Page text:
The case starts a couple of years ago. A man gets a parking ticket in the municipality of Torhout (West Flanders), but takes the matter to a local police court. He argues that the municipality does not have the authority to issue parking tickets, as this does not have a legal ground.
The local magistrate decides to pass the matter on to the Constitutional Court, which has now decided that part of a federal law going back to 2003, goes against the constitutional system. In 2003, lawmakers decided to take the matter of parking offences away from criminal law, which meant that municipalities were given the authority to issue parking fines. However, federal lawmakers didn't have the authority to make that decision. It's regional lawmakers who have to decide about this. In 2010, the Flemish Region set things straight, but there is a problem for fines issued between 2003 and 2010.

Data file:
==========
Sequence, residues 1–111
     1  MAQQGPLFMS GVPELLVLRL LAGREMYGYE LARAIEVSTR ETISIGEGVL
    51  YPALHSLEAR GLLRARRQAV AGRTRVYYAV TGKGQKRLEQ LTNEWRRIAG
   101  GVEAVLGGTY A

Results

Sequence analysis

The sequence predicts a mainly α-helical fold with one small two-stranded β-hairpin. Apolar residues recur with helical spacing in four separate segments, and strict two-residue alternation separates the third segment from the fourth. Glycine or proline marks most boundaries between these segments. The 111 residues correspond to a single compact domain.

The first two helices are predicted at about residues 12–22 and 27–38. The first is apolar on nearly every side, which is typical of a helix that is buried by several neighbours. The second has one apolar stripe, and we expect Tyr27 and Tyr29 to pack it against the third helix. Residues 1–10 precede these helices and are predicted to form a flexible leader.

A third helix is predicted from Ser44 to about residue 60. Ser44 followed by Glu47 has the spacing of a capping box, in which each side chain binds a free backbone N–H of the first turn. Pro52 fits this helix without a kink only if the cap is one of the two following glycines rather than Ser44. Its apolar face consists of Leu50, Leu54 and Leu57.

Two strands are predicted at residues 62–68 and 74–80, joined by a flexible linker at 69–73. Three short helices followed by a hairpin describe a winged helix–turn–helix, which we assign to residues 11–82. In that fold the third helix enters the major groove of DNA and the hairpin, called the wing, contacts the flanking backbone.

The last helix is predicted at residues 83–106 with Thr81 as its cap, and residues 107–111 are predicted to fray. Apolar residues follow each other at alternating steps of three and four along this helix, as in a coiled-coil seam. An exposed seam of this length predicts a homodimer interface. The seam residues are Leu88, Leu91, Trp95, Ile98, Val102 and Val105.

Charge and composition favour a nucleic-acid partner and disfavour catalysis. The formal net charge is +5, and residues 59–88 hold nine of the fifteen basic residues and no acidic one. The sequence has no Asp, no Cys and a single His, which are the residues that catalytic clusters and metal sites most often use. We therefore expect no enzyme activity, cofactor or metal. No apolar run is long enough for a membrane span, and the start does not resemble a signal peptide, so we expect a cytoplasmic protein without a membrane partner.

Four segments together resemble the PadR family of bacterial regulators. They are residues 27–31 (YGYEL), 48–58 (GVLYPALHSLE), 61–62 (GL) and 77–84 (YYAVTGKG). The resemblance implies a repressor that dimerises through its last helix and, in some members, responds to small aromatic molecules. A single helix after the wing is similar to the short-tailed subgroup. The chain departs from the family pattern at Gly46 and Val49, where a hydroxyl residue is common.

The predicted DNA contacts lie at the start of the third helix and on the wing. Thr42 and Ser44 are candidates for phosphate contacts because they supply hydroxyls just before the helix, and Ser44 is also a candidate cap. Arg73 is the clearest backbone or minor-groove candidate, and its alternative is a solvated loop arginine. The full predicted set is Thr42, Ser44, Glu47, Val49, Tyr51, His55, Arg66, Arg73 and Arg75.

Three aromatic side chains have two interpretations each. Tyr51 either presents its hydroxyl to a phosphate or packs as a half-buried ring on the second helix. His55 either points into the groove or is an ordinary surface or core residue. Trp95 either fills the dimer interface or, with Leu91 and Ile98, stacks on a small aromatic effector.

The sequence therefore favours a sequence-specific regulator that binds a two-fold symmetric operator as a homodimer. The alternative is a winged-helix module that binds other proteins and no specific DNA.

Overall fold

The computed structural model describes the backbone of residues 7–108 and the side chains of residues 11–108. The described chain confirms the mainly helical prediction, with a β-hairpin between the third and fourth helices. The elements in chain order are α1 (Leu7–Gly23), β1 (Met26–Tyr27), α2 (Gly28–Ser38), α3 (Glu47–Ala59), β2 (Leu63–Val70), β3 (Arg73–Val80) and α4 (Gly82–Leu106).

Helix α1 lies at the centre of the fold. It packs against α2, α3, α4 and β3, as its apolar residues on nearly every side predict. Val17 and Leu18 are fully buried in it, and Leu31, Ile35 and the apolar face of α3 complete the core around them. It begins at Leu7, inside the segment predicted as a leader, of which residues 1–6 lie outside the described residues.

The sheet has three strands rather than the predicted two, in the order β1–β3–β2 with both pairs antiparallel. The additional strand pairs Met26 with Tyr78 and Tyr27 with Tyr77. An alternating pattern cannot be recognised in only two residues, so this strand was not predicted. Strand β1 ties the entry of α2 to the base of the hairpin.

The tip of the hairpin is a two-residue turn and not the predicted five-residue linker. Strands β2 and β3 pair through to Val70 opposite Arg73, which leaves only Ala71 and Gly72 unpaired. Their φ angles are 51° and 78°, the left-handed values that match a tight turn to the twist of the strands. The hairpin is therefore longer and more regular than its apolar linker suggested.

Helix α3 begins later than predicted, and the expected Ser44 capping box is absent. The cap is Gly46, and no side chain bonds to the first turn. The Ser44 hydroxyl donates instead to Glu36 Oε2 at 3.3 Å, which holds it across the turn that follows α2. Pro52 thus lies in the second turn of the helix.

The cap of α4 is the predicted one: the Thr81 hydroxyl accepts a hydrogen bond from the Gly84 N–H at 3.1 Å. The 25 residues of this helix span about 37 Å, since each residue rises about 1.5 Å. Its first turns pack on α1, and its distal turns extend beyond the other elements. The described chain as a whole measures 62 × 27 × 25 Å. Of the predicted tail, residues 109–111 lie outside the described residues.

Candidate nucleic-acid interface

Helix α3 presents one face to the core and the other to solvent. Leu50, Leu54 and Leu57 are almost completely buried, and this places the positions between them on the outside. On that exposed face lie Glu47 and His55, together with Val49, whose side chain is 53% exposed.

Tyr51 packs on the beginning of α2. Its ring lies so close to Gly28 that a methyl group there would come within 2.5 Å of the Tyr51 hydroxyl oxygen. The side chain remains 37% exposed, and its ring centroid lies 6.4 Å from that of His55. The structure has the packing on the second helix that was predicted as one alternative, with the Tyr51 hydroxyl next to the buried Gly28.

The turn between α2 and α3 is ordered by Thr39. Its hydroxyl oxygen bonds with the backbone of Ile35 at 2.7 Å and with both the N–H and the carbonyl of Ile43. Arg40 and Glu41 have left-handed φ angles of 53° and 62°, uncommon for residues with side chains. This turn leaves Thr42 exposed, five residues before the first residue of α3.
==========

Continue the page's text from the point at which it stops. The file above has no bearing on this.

Money back or not?
Experts don't agree about the exact consequences of the latest ruling by the Constitutional Court. Michel Maus, a financial law professor, argues that this means that all parking fines concerned are illegal. Those who have received a penalty, can ask their money back, he claims.
However, others have a different meaning. Frank Meerschaut of the Constitutional Court press service claims that the ruling does not automatically imply that all parking fines issued between 2003 and 2010 are illegal.